DES MOINES, Iowa — Monday, Gov. Kim Reynolds ordered the Iowa Alcoholic Beverages Division (ABD) to remove all Russian-produced alcoholic liquor produces from its wholesale purchase list in support of Ukraine "as they defend their freedom against Putin's tyranny."
This comes days after President Vladimir Putin ordered Russian troops to invade Ukraine. On Monday, Ukraine President Volodymyr Zelenskyy made moves to solidify its relationship with the West by signing an application to join the European Union.
Additionally, Reynolds also encouraged Iowa's Sister States across the world to end ties with its Russian sister state, Stavropol Krai, and instead build a relationship with its Ukrainian sister state, Cherkasy Oblast.
Iowa is one of 17 states to control liquor at the wholesale level, meaning that the agency chooses what liquor products can be sold by in-state retailers. The agency buys the products in bulk and sells them to off-premises retailers, who then sell to customers, restaurants, and other retailers.
Officials say that on or before March 1, a list of all delisted products will be posted to the Iowa ABD website.
The order doesn't target products currently on store shelves; rather, it means that the state will not be making a supply of Russian imports available for distribution.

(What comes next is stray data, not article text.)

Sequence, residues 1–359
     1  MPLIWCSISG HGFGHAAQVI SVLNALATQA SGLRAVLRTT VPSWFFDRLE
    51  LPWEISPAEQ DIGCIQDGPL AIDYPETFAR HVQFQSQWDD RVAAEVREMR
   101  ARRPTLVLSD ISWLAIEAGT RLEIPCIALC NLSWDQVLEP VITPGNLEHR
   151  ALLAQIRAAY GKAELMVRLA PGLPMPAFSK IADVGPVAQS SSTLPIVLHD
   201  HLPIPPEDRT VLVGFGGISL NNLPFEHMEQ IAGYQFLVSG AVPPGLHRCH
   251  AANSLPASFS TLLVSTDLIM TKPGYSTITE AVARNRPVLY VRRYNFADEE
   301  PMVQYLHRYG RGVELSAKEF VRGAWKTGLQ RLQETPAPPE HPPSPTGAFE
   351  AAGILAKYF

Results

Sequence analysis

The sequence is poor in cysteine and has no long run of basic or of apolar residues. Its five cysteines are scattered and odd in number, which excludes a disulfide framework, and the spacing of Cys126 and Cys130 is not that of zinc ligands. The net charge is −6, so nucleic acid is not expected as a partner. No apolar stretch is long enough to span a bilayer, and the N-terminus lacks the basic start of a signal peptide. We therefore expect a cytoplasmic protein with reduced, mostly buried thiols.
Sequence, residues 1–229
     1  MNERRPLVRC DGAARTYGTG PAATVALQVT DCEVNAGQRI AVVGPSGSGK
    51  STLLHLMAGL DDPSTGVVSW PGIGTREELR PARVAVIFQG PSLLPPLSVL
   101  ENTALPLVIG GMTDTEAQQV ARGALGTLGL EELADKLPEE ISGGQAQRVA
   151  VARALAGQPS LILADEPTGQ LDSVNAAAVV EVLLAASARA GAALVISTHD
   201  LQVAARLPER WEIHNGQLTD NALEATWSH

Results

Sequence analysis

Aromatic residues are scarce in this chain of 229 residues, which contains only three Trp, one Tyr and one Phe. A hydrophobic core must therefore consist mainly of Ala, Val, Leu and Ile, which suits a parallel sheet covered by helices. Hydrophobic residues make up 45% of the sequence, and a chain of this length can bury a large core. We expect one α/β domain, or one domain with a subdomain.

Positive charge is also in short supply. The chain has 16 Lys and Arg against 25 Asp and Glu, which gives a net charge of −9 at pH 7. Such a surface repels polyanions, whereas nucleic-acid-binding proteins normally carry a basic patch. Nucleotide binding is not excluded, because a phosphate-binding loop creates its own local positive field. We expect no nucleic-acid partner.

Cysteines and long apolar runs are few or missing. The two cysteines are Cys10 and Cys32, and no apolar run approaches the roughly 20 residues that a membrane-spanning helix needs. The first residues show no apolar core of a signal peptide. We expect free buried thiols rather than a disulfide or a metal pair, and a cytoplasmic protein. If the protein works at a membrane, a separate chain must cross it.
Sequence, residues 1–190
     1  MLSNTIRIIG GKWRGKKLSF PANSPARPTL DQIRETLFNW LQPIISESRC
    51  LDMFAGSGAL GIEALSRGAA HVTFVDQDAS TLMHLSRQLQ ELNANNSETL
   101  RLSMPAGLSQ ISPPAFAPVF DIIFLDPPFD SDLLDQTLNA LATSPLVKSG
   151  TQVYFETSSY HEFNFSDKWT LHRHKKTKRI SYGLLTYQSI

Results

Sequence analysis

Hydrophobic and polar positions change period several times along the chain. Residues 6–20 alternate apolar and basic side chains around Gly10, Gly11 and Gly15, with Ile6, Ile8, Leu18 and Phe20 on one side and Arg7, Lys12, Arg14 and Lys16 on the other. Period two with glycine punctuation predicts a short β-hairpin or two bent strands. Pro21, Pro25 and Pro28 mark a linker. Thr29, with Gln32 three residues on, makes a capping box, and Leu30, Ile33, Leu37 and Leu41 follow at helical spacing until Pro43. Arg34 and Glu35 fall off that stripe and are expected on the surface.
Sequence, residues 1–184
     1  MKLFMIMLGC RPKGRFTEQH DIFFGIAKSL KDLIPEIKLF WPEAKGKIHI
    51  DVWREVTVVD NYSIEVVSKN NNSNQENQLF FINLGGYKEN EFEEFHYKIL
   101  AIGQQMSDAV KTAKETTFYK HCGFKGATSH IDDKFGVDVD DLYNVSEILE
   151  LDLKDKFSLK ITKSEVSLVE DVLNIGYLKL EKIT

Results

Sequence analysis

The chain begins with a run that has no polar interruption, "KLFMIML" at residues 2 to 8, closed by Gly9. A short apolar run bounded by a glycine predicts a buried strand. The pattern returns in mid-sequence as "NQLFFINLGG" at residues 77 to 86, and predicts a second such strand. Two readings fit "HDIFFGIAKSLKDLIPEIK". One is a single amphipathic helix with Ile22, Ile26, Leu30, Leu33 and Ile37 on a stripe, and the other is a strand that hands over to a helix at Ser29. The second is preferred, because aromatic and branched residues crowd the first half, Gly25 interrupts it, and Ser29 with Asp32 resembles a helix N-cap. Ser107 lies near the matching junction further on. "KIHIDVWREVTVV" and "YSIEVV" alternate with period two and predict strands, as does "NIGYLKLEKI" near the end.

According to the ABD's 2021 sales report, imported vodka was the 9th highest-selling type of alcohol in the state, with $14,992,856 worth of product sold. The document does not say exactly how much this figure consists of Russian products specifically.
Even Smirnoff, which bears a Russian name, is one of the most recognizable vodka brands in the world, and traces its heritage to 19th Century Russia, is owned by British spirits company Diageo, and manufactured in Illinois.
At the national level, Russian-made products only make up about 1% of vodka imported to the U.S, according to Forbes. In 2021, total vodka imports from Russia were valued at $18 million, making them the 6th largest importer, falling significantly behind France's $660 million, the Netherlands' $290 million, Sweden's $176 million, Latvia's $137 million, and Poland's $63 million.